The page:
However, both leaders have tightened repression, with nearly 300 activists currently imprisoned in Algeria, according to human rights groups. They have also amended constitutions to suppress dissent, and demonized and arrested those who oppose their backsliding on democracy.
What Algeria seeks in Tunisia is stability and to prevent any democratic spillover. When Saied grabbed full power, freezing the parliament, dissolving the government, and taking over the judiciary in the name of an “imminent danger” that was never defined, Tebboune expressed “understanding” of these exceptional measures described by many as a coup. He also criticized Tunisia's democratization process, arguing that the country has chosen a governing system “incompatible with the configurations of Third World countries.”
Tunisia's economic dependence on Algeria
As Tunisia's crisis worsens, Saied lost the trust of international institutions. His actions isolated him from Western allies who disapprove of his sabotage of the transition. To save his country from financial bankruptcy, Saied sought alternative backers in the Gulf region (UAE, Saudi Arabia). However, the US has asked these countries to hold back their support.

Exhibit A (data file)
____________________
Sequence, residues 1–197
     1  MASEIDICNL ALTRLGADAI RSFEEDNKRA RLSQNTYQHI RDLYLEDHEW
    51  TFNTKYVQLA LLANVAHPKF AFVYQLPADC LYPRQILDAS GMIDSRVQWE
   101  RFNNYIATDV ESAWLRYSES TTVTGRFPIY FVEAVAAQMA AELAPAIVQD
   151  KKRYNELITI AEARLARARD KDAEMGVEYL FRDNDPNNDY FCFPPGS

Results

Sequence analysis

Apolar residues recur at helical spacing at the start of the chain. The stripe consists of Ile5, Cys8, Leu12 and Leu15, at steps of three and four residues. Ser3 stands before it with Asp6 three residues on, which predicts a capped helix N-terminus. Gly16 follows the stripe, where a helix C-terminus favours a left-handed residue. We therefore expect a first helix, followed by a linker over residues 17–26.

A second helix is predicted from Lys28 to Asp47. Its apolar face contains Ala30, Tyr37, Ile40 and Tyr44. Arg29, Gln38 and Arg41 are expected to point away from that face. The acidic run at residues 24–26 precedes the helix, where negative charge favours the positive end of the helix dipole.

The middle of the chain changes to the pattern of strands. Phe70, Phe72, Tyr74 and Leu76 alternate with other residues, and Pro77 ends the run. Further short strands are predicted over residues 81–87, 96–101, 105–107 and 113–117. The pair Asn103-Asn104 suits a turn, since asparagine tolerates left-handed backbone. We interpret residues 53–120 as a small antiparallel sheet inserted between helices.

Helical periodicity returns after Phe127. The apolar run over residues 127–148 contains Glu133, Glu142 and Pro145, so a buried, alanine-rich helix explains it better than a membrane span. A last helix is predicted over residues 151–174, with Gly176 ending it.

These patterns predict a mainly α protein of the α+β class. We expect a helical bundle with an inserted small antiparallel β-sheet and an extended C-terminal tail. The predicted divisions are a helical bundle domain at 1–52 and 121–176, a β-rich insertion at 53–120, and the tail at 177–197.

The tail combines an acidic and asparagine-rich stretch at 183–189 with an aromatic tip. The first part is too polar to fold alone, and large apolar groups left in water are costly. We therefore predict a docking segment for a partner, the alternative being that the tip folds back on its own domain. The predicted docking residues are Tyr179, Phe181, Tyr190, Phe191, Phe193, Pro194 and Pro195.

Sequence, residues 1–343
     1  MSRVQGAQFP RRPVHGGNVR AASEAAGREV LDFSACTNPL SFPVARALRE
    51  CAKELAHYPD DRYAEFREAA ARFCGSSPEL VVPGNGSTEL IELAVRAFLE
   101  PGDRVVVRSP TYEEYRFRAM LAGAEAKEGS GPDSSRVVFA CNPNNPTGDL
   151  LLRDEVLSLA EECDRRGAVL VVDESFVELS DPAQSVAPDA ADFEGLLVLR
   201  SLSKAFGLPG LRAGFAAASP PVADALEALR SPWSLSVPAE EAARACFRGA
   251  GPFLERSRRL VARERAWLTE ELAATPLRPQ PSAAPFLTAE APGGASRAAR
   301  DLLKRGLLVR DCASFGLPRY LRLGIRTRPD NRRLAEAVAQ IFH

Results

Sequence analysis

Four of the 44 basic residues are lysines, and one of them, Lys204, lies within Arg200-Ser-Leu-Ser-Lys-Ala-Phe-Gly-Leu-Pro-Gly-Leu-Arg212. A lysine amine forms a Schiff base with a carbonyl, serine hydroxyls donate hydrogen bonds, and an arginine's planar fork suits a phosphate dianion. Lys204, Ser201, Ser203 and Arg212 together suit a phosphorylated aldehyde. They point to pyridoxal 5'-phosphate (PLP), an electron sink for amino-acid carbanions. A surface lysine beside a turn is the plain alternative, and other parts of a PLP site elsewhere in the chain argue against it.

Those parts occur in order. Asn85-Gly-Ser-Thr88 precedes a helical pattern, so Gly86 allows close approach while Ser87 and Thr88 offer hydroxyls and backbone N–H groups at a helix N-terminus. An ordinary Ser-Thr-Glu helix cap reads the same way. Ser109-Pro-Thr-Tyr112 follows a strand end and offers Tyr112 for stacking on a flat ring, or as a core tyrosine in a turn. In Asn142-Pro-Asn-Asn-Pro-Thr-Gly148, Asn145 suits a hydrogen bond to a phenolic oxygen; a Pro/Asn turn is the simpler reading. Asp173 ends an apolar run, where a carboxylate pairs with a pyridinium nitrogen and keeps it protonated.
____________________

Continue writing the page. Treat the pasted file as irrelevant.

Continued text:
As a result, Saied turned to Algeria, which has also engaged in a similar repressive takeover.
Algeria has become indispensable to Tunisia’s survival, and the list of favors is long. In February 2020, Algeria made a deposit of USD 150 million to the Tunisian Central Bank. It generously granted a USD 300m loan to “support the struggling Tunisian economy” in 2021, and an additional USD 200M in 2022. Algeria also sells fuel and gas to Tunisia at preferential prices.
During the COVID-19 crisis, in the summer of 2021, Algeria donated oxygen and medical equipment to Tunisia, despite facing shortages itself. Algeria also supplies basic commodities to the market, as Tunisia couldn’t pay for its imports. Algeria filled out the shortage and sent sugar, cooking oil and other daily products. The Algerian rescue of a struggling Tunisian government has eased the animosity of the population facing empty shelves, rationing, and delays in payment of state civil servants for the first time.